Majority Of D.C. Voters Support Marijuana Legalization And Oppose Crackdown On Unregulated ‘Gifting’ Market

Respondents to a recent poll in Washington, D.C. believe marijuana should be legalized, and they oppose taking action against the cannabis "gifting" industry that has grown as a result of the lack of regulation.

Approximately 72% of likely voters support legalization, according to a survey commissioned by the I-71 Committee and conducted by Brilliant Corners Research & Strategies. In 2014, voters approved a cannabis reform law in the District, which was approved by voters at 66%.

For persons aged 21 and older, the initiative made it legal to possess small amounts of cannabis, grow it at home, and provide it to others. However, a congressional spending bill rider prevents D.C. from establishing a system of legal recreational sales, allowing an unregulated market to flourish and some businesses to provide customers "free" marijuana as a gift when they buy non-cannabis products and services as a legal workaround.

Concerns about the gifting loophole have been raised by local lawmakers and authorities, and a "Joint Cannabis Force" has just been established by several organizations to investigate merchants and ensure compliance. The intention was to begin those inspections this month, but for unknown reasons, that plan was postponed.

According to the new poll, 76% wanted the District to change its laws to create a more regulated market that permits sales, while 19% believed the government should close down the gift economy marijuana industry.

According to its mission statement, the i-71 Committee is "a coalition of stakeholders committed to crafting equitable, fair, and socially responsible cannabis legislation that encourages access for all citizens, industry leaders, and stakeholders."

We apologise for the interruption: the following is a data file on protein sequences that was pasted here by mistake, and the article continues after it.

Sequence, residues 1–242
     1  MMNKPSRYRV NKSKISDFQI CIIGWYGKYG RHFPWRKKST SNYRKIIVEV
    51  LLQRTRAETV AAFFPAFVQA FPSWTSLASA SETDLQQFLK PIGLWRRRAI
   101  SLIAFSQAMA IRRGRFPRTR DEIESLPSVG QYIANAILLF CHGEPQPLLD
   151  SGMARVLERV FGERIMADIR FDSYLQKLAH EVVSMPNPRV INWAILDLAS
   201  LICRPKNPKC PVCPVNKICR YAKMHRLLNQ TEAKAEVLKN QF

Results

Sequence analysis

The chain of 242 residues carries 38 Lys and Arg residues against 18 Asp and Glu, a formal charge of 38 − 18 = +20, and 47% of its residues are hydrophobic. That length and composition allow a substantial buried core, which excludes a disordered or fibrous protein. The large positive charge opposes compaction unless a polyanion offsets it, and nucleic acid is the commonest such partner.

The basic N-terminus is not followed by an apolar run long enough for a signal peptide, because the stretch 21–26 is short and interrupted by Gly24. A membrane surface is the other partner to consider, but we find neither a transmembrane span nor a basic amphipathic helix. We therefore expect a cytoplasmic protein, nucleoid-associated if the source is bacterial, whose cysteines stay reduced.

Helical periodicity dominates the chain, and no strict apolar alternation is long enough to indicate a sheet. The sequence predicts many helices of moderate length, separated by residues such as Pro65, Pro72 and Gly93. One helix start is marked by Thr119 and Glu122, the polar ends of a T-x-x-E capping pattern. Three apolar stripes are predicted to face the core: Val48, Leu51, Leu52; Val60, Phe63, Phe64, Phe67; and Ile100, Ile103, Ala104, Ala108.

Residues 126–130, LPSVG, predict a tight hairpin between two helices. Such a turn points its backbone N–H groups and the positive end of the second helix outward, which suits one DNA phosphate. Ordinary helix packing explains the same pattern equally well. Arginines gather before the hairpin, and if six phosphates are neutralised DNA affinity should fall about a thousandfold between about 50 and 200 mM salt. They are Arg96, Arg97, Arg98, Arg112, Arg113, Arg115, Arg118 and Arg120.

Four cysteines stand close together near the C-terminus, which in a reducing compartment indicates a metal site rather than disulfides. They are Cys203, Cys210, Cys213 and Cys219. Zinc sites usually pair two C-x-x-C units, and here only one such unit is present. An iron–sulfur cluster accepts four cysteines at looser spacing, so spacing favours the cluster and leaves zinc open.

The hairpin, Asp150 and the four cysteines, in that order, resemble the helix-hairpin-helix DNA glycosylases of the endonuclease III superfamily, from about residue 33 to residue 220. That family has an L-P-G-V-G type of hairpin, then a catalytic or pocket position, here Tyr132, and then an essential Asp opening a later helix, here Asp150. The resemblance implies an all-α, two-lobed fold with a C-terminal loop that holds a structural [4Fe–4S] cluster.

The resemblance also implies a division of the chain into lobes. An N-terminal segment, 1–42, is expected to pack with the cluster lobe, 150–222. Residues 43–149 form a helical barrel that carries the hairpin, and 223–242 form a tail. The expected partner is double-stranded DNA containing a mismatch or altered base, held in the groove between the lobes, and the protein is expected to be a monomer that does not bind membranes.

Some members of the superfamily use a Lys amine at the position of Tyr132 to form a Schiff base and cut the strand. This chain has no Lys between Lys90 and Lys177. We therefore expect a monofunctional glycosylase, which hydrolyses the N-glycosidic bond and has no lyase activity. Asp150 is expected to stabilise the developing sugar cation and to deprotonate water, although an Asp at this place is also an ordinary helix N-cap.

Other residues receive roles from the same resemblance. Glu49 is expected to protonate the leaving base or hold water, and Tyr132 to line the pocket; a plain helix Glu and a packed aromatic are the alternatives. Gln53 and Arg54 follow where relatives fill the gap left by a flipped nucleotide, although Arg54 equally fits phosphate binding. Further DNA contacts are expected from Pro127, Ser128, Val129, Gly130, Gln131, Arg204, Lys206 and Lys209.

Moreover, respondents were asked to rate how concerned they were about the possibility of an abolishing gift-giving enterprises. For instance, 84 % of respondents expressed fear that enforcement action might put persons of color at higher risk of facing legal ramifications, 70 % expressed concern that it would harm small companies, and 69 % expressed concern about an increase in gun violence.

Notably, 64% of potential voters said they'd be less likely to support a candidate who wants to liquidate the firms, and 63% said they oppose any Council moves to restrain the uncontrolled market.

However, the survey also indicated that most voters believe council members should be concentrating more on other concerns like lowering crime, supporting affordable housing, and increasing access to healthcare. This is despite the fact that support for regulating the cannabis industry in D.C. is robust. Respondents were least likely to rank regulating marijuana as a priority when asked to assess the relevance of 12 various policy problems.

The D.C. Council's closing of i-71 businesses will force the cannabis industry back onto the streets, according to Terrence White, chairman of the i-71 Committee. "Furthermore, District voters would not like D.C. to take action and punish our stores," he urged the council. It's not ideal at the moment, but punishment will only make matters worse, and we're here to find a fix.

Meanwhile, representatives from Washington D.C. wrote letters to the heads of the House and Senate Appropriations Committees pleading with them to remove the clause prohibiting municipal cannabis sales from the Fiscal Year 2023 budget bill.

According to estimates, the District sees more than $600 million in cannabis sales each year. The rider makes it difficult to assure consumer and public safety and jeopardizes the ability of legitimate medicinal cannabis businesses with operating permits in the District to make a profit. As a result, the great majority of these sales are uncontrolled.

The House removed the D.C. marijuana ban language from the pertinent FY 2023 funding bill in July. Although partisan differences have kept that chamber from acting on any of its budget bills so far this year, the Senate's proposal from the Democratic Appropriations Committee chairman likewise does not include the rider.

To enact a final measure, Congress has time until September 30—the conclusion of the current fiscal year. However, it's anticipated that lawmakers would approve a temporary continuing resolution that keeps everything as it is while negotiations are underway.

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